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Terminator 3: Rise of the Machines(2003)
A decade has passed since John Connor helped prevent Judgment Day and save mankind from mass destruction. Now, 25, Connor lives "off the grid" - no home, no credit cards, no cell phone and no job. No record of his existence. No way he can be traced by Skynet - the highly developed network of machines that once tried to kill him and wage war on humanity. Until?out of the shadows of the future steps the T-X, Skynet's most sophisticated cyborg killing machine yet. Sent back through time to complete the job left unfinished by her predecessor, the T-1000, this machine is as relentless as her human guise is beautiful. Now Connor's only hope for survival is the Terminator, his mysterious former assassin. Together, they must triumph over the technologically superior T-X and forestall the looming threat of Judgment Day?or face the apocalypse and the fall of civilization as we know it.
For more about Terminator 3: Rise of the Machines and the Terminator 3: Rise of the Machines Blu-ray release, see Terminator 3: Rise of the Machines Blu-ray Review published by Martin Liebman on May 19, 2011 where this Blu-ray release scored 4.0 out of 5.
Starring: Arnold Schwarzenegger, Nick Stahl, Claire Danes, Kristanna Loken, David Andrews, Mark Famiglietti
Director: Jonathan Mostow
» See full cast & crew
Terminator 3: Rise of the Machines Blu-ray Review
You're terminated, 1080i transfer.
Reviewed by Martin Liebman, May 19, 2011
Skynet has become self-aware.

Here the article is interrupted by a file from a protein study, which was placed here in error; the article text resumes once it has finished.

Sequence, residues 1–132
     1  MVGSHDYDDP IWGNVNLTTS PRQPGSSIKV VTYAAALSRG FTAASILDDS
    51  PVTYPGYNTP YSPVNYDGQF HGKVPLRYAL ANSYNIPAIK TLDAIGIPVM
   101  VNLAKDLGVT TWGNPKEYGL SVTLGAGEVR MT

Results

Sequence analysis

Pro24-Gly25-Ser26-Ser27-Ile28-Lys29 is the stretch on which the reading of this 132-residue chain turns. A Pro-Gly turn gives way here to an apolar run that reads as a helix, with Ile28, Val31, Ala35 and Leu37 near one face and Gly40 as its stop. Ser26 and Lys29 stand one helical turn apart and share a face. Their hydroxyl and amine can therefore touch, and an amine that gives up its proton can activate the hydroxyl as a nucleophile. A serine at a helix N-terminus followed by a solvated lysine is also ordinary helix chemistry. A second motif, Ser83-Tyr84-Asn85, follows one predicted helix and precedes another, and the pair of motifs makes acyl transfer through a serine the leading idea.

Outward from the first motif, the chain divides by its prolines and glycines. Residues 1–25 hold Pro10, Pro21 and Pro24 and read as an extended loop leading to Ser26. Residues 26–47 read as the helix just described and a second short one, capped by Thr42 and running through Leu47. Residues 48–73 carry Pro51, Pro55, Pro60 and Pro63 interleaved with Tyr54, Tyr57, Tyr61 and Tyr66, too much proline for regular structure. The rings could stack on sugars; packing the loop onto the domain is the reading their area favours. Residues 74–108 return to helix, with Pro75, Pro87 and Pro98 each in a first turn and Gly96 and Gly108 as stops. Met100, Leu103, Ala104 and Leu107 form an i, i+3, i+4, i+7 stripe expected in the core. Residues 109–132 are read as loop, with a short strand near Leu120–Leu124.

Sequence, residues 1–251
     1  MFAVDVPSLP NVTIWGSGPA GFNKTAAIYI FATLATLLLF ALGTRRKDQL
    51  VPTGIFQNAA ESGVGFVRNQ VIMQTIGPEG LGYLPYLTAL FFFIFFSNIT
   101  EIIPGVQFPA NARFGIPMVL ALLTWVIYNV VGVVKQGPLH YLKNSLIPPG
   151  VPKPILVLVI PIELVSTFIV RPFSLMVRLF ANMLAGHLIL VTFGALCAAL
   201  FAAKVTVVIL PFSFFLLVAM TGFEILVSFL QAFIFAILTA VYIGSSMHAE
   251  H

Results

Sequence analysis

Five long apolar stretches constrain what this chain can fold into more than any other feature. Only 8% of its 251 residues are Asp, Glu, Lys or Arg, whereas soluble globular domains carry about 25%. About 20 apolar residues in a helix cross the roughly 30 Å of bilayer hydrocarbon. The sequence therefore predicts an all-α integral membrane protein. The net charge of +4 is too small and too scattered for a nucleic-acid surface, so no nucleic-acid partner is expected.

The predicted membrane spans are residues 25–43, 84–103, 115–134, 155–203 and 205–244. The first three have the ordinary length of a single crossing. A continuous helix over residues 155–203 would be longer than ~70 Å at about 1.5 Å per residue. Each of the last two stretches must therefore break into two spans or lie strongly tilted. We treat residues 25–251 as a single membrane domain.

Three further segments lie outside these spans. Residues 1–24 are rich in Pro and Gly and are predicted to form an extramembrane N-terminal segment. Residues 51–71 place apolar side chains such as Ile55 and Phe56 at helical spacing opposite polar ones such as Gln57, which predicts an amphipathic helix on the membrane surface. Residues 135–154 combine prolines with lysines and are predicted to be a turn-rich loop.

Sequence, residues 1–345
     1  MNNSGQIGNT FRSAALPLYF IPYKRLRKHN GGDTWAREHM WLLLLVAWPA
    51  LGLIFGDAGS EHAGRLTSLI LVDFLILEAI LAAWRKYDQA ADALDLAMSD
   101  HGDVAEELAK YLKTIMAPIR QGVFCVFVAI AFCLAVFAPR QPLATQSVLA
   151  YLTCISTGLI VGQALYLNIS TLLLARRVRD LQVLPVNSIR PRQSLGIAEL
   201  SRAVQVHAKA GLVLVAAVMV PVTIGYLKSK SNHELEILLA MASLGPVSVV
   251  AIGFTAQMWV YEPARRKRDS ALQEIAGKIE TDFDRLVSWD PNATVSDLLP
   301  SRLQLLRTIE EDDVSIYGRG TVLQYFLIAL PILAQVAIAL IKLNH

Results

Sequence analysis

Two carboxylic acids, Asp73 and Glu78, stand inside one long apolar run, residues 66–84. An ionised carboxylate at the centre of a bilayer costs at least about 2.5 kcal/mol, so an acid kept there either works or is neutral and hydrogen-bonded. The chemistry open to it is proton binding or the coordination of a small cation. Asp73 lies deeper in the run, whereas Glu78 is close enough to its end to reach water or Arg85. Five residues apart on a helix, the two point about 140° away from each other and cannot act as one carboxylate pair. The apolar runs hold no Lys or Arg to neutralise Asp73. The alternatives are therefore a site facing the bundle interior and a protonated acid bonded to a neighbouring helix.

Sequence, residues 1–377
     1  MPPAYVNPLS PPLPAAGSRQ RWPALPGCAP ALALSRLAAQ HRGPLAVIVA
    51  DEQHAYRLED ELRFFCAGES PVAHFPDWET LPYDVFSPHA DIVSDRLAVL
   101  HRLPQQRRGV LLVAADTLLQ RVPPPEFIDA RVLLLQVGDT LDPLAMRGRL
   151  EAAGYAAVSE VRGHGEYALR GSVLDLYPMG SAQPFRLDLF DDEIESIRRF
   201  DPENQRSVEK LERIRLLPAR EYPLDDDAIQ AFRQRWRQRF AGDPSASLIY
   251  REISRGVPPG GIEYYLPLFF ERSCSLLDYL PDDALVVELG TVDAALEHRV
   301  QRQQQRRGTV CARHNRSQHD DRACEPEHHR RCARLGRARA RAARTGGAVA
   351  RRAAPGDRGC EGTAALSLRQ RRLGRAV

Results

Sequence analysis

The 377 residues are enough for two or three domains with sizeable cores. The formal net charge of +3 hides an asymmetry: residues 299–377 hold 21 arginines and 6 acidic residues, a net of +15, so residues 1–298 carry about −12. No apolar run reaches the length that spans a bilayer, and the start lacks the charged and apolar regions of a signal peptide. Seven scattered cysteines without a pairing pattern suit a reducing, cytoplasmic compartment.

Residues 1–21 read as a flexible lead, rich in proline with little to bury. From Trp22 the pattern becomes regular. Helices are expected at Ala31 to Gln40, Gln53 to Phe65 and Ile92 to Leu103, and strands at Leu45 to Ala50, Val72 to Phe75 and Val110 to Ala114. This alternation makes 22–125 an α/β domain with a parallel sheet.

Instead of Rise of the Machines, perhaps Director Jonathan Mostow's (U571) entry into the Terminator franchise should have been called Terminator 3: Inevitable, as in a sequel in the franchise that spawned one of the best and most successful small Science Fiction films of all time and one of the biggest and baddest Summer movies ever made was inevitable. More to the point of this film and the franchise, however, it's clear that inevitability plays a critical factor in the fictional future (and past and present) world of The Terminator. Sure, "there is no fate but what we make for ourselves," but fate is merely a fancier word for "inevitable," for fate may be shaped and determined and prophesied, but whatever fate has in store is ultimately the "inevitable." In the Terminator universe, fate -- the inevitable -- is the nuclear exchange initiated by Skynet that brings about, yes, the Rise of the Machines. For all the flak that Rise of the Machines has received, Mostow's film captures the very essence of the Terminator franchise perhaps better than any other picture in the series. It might lack the raw vision of the original or the absolute big-movie bonanza spit and polish and fun factor of the sequel, but Rise of the Machines serves as a meat-and-potatoes sort of entry in the franchise that merely sets the table for the rest of the films in the series, both the two that came before it and those that will come after it. Ain't time travel fun?